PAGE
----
Although it's normal to have some difference in crispness, it should not be so drastic as you describe. I had a similar thing happen last year. I found out that one of the lenses from my glasses had a ridge down the center. This was imperceptable to me, but resulted in poor vision and headaches. If your vision affects you that drastically, you should return to the doctor for a reexamination to determine what exactly is causing these problems for you. Most eye doctors have a policy that follow up exams are free.

Can I wear RGPs part of the time and glasses part of the time?

Yes, but see above. The longer that you wear glasses between contact lense wearing, the worse your vision will be with glasses.

Have you thought about soft toric lenses? I've been trying them out for a few months now. My vision is not as crisp as with RPGs, but it's still much better than wearing glasses. Soft lenses are also much more comfortable that RPGs. The key to toric lenses is finding the right correction for your astigmatism. I've tried out over a dozen lenses. I think that I've finally narrowed it down to what will work for me.
posted by Juicylicious at 10:20 AM on January 25, 2005


If you're having 'cross-eyed' problems, it could be due to several reasons, including:

- Contact lenses are always the 'correct' distance from the eye, whereas the position of glasses changes, and you are always having to re-focus slightly to compensate.

- Each opthamologist will come up with a different prescription for you. There's no way to arrive at a completely "accurate" reading of what is wrong with your eyes; there's always a little voodoo involved, despite all the fancy machines. It can be disorienting therefore to switch between scrips, especially if there are different corrections for such things as astigmatism.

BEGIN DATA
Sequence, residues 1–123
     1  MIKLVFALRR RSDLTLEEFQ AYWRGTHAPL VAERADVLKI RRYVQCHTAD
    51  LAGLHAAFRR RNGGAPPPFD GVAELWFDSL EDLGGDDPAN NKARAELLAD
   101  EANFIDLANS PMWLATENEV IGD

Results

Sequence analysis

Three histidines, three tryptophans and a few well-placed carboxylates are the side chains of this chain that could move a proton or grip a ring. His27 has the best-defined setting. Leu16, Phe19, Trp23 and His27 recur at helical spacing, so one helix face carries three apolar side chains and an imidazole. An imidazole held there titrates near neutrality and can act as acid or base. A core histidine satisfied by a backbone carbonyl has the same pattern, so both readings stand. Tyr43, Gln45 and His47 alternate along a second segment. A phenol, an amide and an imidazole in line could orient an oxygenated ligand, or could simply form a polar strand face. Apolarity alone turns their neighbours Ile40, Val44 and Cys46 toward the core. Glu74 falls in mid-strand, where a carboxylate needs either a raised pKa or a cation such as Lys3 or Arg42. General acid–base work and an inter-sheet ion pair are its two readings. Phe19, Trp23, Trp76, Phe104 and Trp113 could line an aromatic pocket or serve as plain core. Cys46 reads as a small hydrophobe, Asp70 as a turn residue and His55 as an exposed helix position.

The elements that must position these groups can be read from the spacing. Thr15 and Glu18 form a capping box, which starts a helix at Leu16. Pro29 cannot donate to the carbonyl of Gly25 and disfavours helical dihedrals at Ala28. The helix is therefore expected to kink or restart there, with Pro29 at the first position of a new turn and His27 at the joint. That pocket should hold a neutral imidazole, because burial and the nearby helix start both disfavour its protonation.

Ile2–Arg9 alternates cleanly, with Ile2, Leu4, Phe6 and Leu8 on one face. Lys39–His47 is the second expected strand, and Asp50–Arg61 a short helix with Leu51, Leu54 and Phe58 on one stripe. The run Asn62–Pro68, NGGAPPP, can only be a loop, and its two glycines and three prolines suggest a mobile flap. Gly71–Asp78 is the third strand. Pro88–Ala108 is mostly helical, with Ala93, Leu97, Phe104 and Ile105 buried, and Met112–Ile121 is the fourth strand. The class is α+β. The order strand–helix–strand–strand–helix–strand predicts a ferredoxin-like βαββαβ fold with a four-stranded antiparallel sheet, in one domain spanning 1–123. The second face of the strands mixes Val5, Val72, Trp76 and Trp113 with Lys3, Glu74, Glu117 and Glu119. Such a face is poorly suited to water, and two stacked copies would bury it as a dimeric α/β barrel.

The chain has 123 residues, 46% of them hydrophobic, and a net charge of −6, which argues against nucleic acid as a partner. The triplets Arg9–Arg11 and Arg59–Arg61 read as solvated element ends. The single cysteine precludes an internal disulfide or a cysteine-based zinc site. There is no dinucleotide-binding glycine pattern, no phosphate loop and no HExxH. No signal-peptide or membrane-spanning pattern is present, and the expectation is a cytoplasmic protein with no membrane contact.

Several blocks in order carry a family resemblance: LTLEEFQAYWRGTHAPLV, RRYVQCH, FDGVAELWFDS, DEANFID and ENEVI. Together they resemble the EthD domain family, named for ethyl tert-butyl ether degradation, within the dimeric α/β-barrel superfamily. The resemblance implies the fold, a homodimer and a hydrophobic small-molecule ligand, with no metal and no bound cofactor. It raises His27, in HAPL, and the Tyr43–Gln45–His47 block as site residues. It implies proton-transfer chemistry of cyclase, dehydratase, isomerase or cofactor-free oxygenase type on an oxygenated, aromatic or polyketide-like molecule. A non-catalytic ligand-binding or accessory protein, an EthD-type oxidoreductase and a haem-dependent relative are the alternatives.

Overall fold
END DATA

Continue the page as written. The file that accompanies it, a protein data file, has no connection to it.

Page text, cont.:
- Depending on your age, you may be starting to need bifocal glasses.

If you're going to switch, just bite the bullet and switch. Glasses technology has seen some innovations in the past few years which partly address the problems of glasses slipping about on your nose. These include: titanium frames (very lightweight, indestructible); lightweight plastic lenses, including high-index lenses; and silicon pads for the nose and side frames (these 'stick' to your skin better).

I would recommend getting the best pair you can afford. Comfort is everything. Titanium frames are definitely worth it for me as they never wear out, start to look shabby, get bent, etc. Check opticians for close-out sales on expensive frames.

FWIW I ditched RGPs for glasses about fifteen years ago, after about 15 years of RGPs.

[And on preview, what others have said]
posted by carter at 10:32 AM on January 25, 2005


Why do glasses make me feel cross eyed and fuzzy headed compared to RGP

If you're big nearsighted, I'd suggest that it's the distortions caused by the lenses. My vision is -6/-5, and I used to catch big distortions on the edges of my vision if I wore my glasses.